The Waiting Room’s last show (’til Jan. 22), Filter Kings, Broken Spindles tonight; wanna buy a music venue?
So here’s the deal with The Waiting Room, as told to me by the proprietors — Jim Johnson and Marc Leibowitz: Right after the bar closes after tonight’s show featuring Filter Kings, Broken Spindles, Black Squirrels and The Bruces, a small crew will begin clearing out the place in preparation for the venue’s interior demolition, which begins tomorrow.
In essence, the ceiling throughout the entire venue will be “raised” to the same level as the ceiling in the main stage area. That means all of the existing ceiling everywhere else — and whatever’s above it (including a small room) — will be ripped down to expose the building’s true ceiling. Some of the interior walls also will be demolished, opening the sight-lines for the entire space from the bar forward. Johnson told me that the demolition will be full effect on Monday.
After everything is torn down, the new opened-ceiling room will be refinished with the necessary electrical and ventilation and everything else that needs to be done to make the room usable. Johnson told me a new drop ceiling will be installed over the entranceway area that will open up to the full room. The bar area also will see some enhancements, and the rest of the venue’s walls will either be recovered or repainted. In other words, you’re not going to believe what the place looks like when it’s done.
Or sounds like. As part of The Waiting Room’s “facelift,” the stage’s PA will be enhanced, with the speakers hung from the ceiling (or “flown”) similar to how the PA is hung from the ceiling of The Slowdown’s main-stage room. That, along with the removal of the old ceiling, will completely change the venue’s acoustics.
The plan is to have the entire project completed by Jan. 22, when the bar reopens with a free, all-locals show featuring Little Brazil, Little Black Stereo, Ground Tyrants and Kyle Harvey. The following night, afro-beat rockers NOMO returns with Satchel Grande.
It’s a hugely ambitious plan. So ambitious that I’m afraid they’ll be wheeling Johnson out on a stretcher when it’s all done. But in the end, he and Leibowitz will have the music club that they’ve always dreamed of. The renovation of The Waiting Room represents a substantial investment not only in the local music scene but in Benson, helping galvanize the district as the Omaha music community’s “ground zero.”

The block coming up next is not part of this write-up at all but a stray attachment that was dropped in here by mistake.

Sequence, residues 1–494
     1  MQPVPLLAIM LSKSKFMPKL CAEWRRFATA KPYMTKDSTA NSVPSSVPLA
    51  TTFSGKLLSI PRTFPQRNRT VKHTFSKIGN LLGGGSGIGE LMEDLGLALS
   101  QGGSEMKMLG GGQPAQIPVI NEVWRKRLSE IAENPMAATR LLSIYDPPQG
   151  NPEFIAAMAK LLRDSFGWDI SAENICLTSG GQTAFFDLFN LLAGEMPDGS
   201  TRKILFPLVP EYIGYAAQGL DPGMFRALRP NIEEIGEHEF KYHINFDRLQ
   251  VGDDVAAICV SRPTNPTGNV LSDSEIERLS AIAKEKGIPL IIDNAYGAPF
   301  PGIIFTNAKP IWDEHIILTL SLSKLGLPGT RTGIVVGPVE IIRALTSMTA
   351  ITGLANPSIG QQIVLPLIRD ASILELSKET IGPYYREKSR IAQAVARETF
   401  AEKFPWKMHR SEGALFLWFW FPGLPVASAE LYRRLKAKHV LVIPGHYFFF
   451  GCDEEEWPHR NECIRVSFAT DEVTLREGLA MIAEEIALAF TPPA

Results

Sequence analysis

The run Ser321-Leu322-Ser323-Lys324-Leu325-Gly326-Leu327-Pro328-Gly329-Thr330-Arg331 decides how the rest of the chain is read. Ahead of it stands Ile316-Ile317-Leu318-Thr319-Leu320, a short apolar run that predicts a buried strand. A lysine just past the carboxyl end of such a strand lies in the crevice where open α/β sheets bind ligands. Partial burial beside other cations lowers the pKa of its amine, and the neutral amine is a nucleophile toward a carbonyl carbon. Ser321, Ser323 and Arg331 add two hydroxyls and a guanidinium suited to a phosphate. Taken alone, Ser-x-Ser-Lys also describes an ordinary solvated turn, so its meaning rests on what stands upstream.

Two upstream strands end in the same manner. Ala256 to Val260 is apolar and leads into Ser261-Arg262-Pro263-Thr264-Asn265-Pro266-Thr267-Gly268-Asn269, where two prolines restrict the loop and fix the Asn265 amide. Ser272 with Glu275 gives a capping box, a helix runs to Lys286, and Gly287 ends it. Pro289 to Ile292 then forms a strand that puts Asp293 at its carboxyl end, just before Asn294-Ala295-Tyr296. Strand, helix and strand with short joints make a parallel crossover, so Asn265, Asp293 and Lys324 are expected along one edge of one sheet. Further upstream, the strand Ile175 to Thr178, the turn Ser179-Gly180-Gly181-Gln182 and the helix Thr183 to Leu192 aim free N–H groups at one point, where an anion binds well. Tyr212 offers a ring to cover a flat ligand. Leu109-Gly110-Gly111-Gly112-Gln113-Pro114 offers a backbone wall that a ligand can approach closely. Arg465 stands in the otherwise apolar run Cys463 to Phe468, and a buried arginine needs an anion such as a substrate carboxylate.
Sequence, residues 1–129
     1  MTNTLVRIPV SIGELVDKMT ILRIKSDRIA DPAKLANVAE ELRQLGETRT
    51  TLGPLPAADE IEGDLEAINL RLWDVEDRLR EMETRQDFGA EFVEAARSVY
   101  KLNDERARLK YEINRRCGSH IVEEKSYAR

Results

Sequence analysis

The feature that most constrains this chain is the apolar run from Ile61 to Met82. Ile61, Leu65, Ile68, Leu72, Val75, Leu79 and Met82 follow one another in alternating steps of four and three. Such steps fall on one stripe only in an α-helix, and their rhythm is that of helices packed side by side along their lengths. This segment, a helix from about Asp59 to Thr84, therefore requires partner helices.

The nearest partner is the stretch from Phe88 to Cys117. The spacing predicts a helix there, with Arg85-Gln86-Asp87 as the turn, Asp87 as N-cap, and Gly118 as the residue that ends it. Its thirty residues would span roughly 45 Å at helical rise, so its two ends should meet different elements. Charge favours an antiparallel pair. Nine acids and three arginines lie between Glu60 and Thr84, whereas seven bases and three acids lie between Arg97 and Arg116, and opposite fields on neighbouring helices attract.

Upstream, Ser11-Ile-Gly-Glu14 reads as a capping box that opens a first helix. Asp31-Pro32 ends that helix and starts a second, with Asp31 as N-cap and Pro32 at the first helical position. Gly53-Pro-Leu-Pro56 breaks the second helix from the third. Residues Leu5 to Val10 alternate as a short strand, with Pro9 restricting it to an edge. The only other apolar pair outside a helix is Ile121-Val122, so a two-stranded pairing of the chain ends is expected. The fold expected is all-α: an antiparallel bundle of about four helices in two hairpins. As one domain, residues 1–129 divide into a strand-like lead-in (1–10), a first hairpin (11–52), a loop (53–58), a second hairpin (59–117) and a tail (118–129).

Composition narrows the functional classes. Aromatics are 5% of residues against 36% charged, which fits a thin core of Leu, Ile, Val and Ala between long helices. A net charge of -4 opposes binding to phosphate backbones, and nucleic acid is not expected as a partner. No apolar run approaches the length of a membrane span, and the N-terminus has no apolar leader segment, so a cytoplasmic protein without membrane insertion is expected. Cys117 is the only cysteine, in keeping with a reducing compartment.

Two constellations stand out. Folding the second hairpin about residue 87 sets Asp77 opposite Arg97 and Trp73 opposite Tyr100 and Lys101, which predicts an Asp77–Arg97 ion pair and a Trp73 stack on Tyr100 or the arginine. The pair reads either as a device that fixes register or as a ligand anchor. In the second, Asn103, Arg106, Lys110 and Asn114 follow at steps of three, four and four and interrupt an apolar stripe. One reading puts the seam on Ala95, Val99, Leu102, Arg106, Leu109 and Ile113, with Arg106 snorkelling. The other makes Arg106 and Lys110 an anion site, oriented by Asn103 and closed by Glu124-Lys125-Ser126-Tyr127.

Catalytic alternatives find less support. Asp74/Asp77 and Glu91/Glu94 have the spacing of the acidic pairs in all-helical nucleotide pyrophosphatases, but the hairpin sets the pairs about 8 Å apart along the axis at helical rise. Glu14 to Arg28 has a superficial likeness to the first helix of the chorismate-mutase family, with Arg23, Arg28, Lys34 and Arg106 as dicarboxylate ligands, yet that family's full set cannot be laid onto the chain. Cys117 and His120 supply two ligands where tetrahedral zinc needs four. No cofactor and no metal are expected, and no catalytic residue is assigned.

In the mean time, it also means slim pickin’s in terms of shows throughout most of the month of January. In addition to The Waiting Room being closed, there aren’t that many shows booked at The Slowdown. It’s going to be a long, cold January, folks, but it’ll be worth it.
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Speaking of “closings,” my only venture out on New Year’s Eve was to The Saddle Creek Bar, where a handful of local punk bands including The Upsets (see photo) took the stage for the venue’s “last waltz.” Afterward, the bar closed for good. Only the drive-thru remains open as its “going out of business” sale continues. Mike Coldewey, the guy behind The Saddle Creek Bar, is moving to Chicago in a few weeks. Who knows what will happen to the building, which holds a unique place in the history of the Omaha music scene. The property is being handled by NP Dodge, and there’s a listing online here that shows an asking price of $350,000, which includes the property, the 9,164 sq. ft. bar and drive-thru liquor store. Or you can buy the business without the real estate for $65,000.
I, for one, will miss the Saddle Creek Bar. Despite being vilified for his perceived role in the creation of Omaha’s all-ages music ordinance — and for his tell-it-like-it-is communication style — I liked Mike Coldewey and wanted to see his bar succeed. The reasons were strictly personal — a strong music venue/restaurant would have strengthened a neighborhood that has its share of crime and economic problems. And also because the bar is less than a mile from my house.
But it wasn’t to be. The biggest crowd that I ever saw at the Saddle Creek Bar was when The Good Life played there back on Dec. 21, 2006. The rest of the time I rarely saw more than a handful of people in the club, as Coldewey couldn’t get the bigger-drawing local bands to play there either because of his reputation or the reputation of the venue’s sound system.
I still believe that the bar could be a success due to its location and its size. I’ve talked to a number of touring bands who said the SCB sort of reminded them of The Bottleneck in Lawrence, and I can see that. My fear is that the property will be sold, the venue will be demolished and storage units or some other abomination will be constructed there. And that will be the end of it.
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